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Shield TPB

Reviews for the various Mighty Crusaders Comics.

Moderator: Rik


Post Sun Aug 19, 2007 1:16 am
leonmallett User avatar
MightyCrusaders.net
MightyCrusaders.net

Posts: 523
Location: West Midlands, UK
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First off this won't be a synopsis of the Shield trade-paperback collection (The Shield - America's 1st Patriotic Comic Book Hero ), rather an overview of the book itself. I haven't set up a link to the cover image (which is nice enough), but if Rik wants to oblige that wouldn't cause offense!

Firstly, I have to acknowledge my exposure to the Shield mythos came via the !mpact line (Legend of the Shield), but I was able to put that to one side on reading both this collection and the Mighty Crusaders trade-paperback. So some familiarity, but not with the Radio/Archie/MLJ/Red Circle etc incarnation and history.

My overall impression is that the collection serves as a great primer for how stories were told in the Golden Age of comics. The evolution of the medium is visible through the panel layouts bearing striking similarity to those utilised in the pulps that preceded superhero comics, gradually becoming more varied and daring in composition. The Irv Novick art is great, and holds up well against contemporary art. The plots seem a little repetitive at times, but given this was a time of the birth of a medium and a character archetype (the patriotic American hero clad in the colours of the flag), that seems understandable. The colouring looks excellent and gives a freshness to material that is over 60 years old and may have otherwise been quite dated. The colouring is very sympathetic to the original material in fact. I feel the earlier stories reprinted from Pep comics are stronger than the Shield-Wizard stories, as the latter introduced somewhat of a 'comedic' foil with Ju Ju Watson which altered the tone of the stories.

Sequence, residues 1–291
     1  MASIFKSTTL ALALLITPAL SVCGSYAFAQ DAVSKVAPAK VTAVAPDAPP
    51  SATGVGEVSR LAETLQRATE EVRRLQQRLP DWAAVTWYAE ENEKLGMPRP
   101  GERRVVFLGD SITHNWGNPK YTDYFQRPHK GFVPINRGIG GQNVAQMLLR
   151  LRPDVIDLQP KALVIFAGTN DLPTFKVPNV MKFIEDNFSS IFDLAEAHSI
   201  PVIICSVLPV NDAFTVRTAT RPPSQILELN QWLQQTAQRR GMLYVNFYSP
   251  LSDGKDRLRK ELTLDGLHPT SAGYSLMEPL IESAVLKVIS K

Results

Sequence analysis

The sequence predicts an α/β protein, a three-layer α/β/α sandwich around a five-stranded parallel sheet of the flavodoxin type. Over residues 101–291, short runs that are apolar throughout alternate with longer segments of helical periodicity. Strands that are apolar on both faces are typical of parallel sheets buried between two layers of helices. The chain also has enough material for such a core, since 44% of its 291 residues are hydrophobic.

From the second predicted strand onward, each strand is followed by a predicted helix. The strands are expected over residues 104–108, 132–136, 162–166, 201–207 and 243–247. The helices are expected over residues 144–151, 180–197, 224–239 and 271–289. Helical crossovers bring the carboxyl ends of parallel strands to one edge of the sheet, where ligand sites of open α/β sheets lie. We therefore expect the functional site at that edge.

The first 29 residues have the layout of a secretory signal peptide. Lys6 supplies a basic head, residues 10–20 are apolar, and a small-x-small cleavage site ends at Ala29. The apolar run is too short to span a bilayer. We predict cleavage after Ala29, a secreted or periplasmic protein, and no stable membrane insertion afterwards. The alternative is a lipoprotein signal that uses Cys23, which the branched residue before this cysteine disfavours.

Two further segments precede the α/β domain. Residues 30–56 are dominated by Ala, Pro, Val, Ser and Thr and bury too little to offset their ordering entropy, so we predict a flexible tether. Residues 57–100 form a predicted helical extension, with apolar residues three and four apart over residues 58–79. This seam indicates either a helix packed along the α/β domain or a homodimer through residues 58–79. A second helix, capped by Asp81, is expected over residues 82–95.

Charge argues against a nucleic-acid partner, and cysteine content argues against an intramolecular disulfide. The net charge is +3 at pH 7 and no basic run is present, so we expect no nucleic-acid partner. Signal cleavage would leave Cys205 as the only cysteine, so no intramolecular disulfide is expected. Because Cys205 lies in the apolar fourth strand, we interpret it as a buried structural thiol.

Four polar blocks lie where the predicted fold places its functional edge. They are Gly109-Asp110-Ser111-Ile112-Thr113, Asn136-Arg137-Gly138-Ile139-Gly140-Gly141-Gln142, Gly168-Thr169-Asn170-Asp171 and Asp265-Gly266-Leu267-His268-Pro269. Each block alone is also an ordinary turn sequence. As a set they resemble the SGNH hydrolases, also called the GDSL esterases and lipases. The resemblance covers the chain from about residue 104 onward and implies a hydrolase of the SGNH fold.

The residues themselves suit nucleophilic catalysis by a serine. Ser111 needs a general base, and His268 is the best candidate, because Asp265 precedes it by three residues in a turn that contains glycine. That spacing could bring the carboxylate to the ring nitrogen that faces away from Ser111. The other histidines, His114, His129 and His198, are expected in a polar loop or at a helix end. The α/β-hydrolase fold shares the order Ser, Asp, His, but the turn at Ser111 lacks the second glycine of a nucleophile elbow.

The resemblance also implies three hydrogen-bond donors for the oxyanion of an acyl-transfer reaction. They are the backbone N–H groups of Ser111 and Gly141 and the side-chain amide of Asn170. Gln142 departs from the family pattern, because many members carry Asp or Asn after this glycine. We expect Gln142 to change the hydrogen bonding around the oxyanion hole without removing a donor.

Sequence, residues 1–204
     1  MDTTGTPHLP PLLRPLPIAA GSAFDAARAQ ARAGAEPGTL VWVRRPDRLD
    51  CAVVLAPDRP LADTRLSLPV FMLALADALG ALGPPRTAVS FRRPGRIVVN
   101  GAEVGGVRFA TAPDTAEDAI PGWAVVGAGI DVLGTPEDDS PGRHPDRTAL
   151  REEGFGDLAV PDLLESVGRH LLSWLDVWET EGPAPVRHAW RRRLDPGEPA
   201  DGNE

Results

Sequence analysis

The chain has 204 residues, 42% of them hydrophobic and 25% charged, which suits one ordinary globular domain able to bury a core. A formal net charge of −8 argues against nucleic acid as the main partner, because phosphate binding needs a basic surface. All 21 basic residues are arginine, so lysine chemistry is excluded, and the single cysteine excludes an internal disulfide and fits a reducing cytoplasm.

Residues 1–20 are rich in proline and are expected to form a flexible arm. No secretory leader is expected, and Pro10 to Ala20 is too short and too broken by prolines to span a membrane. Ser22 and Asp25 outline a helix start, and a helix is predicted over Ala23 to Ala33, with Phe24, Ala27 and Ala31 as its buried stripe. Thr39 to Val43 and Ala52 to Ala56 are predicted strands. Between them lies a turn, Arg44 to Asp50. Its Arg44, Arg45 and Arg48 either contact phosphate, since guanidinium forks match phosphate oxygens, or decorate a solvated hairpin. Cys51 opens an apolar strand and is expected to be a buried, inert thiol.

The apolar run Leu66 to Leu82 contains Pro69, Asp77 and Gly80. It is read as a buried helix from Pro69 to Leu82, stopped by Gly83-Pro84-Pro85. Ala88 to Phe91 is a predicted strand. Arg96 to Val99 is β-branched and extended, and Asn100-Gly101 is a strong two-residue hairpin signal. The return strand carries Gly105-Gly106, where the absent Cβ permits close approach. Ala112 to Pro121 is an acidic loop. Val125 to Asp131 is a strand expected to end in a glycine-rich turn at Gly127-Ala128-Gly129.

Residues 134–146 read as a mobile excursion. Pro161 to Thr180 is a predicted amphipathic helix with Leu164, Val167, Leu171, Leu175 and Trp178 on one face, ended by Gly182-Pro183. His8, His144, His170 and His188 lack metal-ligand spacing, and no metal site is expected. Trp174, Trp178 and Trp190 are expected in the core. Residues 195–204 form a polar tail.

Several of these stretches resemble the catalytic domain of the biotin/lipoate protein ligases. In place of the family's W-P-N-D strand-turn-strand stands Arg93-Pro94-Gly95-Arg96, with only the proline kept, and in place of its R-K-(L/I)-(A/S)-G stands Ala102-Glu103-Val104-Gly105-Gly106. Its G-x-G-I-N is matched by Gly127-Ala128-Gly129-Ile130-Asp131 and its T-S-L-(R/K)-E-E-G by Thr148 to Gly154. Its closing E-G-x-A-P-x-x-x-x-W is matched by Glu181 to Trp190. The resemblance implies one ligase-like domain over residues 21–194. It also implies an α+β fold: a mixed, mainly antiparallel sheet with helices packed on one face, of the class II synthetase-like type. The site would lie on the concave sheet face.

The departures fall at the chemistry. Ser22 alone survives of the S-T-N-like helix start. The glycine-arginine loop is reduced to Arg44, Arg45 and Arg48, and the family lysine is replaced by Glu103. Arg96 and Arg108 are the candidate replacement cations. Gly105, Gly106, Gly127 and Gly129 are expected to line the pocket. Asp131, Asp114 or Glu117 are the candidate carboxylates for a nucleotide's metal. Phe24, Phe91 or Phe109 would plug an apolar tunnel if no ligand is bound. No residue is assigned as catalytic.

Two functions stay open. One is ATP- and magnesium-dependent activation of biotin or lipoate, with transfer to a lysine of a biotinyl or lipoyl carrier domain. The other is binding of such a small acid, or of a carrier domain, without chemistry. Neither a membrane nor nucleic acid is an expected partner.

The science is silly, the colours bright, the foes two-dimensional (and there is a lack of a 'supervillain' or recurrent nemesis, outside from the Mosconian nation), and despite the prescience of the Pearl Harbour attack story, the stories have some leaps due to coincidence and improbablity. Despite that I found it a satisfying and enjoyable read. Very much of its time (although the art seems ahead of its era), but thoroughly involving and enjoyable. Highly recommended.

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